Which clinical history findings are characteristic of thrombophlebitis?

Updated: Aug 31, 2020
  • Author: Padma Chitnavis, MD; Chief Editor: Dirk M Elston, MD  more...
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Symptoms potentially caused by venous thrombosis are generally nonspecific.

In superficial thrombophlebitis, acute-onset pain and swelling usually occur over a previous varicose vein. At times, this pain and swelling, which is often associated with warm erythema, can appear even without an obvious underlying varicosity. Swelling and pain in an upper extremity are suggestive of thrombosis. Pain associated with SVT is usually localized over the site of thrombosis. Pain associated with DVT is generally more diffuse and more common in the lower extremities than elsewhere.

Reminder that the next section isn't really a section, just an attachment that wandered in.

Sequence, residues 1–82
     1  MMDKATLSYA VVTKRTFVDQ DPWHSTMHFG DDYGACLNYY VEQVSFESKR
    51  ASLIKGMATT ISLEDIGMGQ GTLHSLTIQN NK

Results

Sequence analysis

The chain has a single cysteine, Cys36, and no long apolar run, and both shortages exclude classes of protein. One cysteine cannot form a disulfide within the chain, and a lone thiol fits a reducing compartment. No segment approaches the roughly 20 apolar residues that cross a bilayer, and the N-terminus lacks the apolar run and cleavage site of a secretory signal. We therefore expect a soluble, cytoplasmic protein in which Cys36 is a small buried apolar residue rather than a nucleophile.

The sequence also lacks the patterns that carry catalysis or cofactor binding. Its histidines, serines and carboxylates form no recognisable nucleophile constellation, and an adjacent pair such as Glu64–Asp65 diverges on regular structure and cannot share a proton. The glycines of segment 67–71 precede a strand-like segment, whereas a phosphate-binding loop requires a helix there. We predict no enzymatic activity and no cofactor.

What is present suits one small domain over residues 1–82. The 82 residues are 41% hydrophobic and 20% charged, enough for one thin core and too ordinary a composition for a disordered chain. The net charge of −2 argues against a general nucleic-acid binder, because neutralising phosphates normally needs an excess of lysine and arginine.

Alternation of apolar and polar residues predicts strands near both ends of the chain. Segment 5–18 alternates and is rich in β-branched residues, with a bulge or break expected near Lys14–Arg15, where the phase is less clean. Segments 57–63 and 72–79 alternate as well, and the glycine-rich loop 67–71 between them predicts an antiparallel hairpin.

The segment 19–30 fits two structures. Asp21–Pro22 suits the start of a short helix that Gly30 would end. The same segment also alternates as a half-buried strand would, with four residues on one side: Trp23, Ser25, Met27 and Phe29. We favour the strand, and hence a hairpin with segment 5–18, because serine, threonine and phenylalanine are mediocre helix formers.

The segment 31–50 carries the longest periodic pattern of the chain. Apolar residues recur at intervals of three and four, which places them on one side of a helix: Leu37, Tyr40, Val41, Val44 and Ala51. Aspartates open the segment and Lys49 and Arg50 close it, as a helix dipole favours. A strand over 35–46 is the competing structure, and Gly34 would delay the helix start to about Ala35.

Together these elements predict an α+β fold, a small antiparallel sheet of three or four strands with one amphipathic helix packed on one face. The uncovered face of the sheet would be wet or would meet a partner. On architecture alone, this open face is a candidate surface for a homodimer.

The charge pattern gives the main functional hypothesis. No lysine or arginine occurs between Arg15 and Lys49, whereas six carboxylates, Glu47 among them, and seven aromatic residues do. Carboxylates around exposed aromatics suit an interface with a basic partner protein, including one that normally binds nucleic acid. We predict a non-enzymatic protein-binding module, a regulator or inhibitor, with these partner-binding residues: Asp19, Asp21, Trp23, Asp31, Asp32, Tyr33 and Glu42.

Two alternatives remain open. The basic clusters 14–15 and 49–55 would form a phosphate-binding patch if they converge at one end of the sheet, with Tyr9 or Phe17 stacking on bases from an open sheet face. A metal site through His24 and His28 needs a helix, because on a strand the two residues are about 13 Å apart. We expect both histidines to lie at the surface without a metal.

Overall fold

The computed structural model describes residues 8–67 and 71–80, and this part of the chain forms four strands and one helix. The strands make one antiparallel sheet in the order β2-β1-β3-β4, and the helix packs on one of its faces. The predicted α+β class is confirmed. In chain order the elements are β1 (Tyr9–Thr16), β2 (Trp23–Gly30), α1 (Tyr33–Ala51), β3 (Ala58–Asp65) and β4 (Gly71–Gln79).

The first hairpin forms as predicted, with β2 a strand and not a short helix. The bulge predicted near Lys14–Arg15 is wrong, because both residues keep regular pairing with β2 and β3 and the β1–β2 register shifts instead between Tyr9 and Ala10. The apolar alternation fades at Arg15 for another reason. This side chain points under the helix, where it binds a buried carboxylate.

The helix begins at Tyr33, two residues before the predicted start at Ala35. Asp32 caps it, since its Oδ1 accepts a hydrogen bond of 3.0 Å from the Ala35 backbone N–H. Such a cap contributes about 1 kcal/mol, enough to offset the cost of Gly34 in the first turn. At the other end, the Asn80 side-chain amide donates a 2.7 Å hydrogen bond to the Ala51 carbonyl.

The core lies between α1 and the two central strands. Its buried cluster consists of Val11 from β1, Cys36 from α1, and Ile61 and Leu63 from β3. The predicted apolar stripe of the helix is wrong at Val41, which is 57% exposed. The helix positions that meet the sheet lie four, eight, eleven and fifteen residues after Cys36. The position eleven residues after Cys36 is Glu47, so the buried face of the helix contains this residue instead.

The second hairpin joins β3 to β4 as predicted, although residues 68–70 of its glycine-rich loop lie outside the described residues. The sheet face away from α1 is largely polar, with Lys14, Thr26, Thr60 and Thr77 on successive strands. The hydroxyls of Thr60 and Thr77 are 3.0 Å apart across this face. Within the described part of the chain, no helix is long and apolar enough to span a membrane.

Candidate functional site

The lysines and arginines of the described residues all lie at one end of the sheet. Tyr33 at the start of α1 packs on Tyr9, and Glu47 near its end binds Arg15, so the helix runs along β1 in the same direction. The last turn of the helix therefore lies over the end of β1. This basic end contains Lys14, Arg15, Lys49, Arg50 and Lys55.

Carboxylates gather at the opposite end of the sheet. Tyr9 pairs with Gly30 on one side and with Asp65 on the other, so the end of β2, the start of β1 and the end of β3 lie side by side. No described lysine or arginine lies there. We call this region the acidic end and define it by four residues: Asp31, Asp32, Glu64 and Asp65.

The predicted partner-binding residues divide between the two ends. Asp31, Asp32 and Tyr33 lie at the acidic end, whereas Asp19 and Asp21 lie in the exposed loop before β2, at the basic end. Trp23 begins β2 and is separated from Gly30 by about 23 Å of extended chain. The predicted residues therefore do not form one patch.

Recent surgery (especially orthopedic surgery), trauma, immobilization, or prolonged bed rest are factors that can contribute to SVT or DVT.

Inquire about a history or symptoms suggestive of heart disease or congestive heart failure; relevant findings include dizziness, bilateral extremity swelling, and weight gain.

Inquire about a history of previous thrombosis.

Obtain a thorough family history.

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